A host of community representatives from across the region came together recently to pay tribute to Frank Woodwell.
At the memorial event at St John's Church, Bega, Frank was remembered for his influence in pushing to break down prejudice and discrimination against Aboriginal people in Bega.
"Seeing all the people who've gathered here today from across all of NSW is a reminder that Frank Woodwell made a difference because he loved and cared for people," Bishop Mark Short said.
Aunty Colleen Dixon was the first to share a few words after a Welcome to Country, telling the crowd of her first hand experiences with Frank while he was a rector in the area.
Ross Williams said the attendance of all four Woodwell children on the day had been "very powerful" as they came to see their father recognised by the community.
One of Australia's leading historians, Mark McKenna also attended the memorial and got up to share a few words of Frank's accomplishments.
He told of Frank's arrival to the Bega Valley Shire in 1966 and his push for housing Aboriginal families in the area.
When Eden Elder Uncle Ossie Cruse took to the stage he shared a testament to Frank's determination to make a change in racial discrimination.
"He was a stubborn man and he wouldn't give up. I'll never forget how great that man was," Uncle Ossie said.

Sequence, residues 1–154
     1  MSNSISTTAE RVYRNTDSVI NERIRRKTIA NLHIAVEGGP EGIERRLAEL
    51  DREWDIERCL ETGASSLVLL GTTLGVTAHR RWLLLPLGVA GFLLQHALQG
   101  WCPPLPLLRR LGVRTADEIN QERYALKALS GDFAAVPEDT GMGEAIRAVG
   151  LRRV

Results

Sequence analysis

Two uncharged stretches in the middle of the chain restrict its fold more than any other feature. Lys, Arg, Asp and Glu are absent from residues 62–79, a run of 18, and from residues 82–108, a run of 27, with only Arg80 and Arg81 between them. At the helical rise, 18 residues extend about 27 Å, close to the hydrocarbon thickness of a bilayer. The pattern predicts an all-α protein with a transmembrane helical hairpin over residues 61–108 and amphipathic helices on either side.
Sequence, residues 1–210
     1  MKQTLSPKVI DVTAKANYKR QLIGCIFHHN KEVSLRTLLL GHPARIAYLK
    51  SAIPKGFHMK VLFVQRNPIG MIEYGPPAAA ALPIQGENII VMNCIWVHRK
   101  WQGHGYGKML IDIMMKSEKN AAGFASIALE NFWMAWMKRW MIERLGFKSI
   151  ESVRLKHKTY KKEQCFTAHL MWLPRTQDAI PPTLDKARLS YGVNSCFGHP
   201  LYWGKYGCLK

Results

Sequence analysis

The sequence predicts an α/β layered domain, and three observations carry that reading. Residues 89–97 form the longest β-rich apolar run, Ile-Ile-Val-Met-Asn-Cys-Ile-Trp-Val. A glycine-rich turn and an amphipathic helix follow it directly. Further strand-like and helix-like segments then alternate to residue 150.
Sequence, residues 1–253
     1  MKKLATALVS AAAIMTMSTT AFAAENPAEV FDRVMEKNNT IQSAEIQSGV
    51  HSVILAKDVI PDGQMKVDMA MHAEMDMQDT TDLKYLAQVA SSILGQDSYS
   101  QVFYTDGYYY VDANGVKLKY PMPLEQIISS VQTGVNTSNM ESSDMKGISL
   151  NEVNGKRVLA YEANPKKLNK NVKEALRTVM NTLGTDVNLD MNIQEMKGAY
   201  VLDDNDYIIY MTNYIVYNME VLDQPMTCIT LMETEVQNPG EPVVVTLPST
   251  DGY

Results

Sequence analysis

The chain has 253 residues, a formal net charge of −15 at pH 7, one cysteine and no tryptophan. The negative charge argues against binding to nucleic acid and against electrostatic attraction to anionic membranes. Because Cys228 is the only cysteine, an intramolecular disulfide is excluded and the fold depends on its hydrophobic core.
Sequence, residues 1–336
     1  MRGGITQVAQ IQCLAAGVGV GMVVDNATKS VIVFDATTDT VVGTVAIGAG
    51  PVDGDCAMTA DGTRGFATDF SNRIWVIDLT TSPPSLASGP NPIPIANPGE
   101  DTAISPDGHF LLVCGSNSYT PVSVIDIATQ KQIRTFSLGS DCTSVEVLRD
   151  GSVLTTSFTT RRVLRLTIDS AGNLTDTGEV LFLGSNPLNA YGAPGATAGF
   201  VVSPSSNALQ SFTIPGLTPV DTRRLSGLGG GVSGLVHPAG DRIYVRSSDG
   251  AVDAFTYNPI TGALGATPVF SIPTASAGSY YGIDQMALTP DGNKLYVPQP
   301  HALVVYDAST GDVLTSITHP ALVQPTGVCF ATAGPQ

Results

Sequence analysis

Uncle Ossie then finished his speech with a gum leaf performance.
The eldest of the Woodwell children, Mark, said they enjoyed hearing the community's thoughts about their father's work in the area.
"It was nice to gather together and hear everybody saying what they felt about dad's work," Mark said.
Peter Woodwell said he and his siblings were all proud of their father's work in community.
"He believed that everybody should be treated equally and he believed in social justice," he said.
Peter said Frank's help went beyond the church's walls.
"Anybody in the area that needed his help was my dad's congregation and more people would have seen dad out of church helping people out."
MP's Kristy McBain and Michael Holland sent in their apologies while local government representatives Russell Fitzpatrick and Liz Seckhold came to show their support
After the speeches, everyone convened to the front of the church for the unveiling of a memorial plaque.
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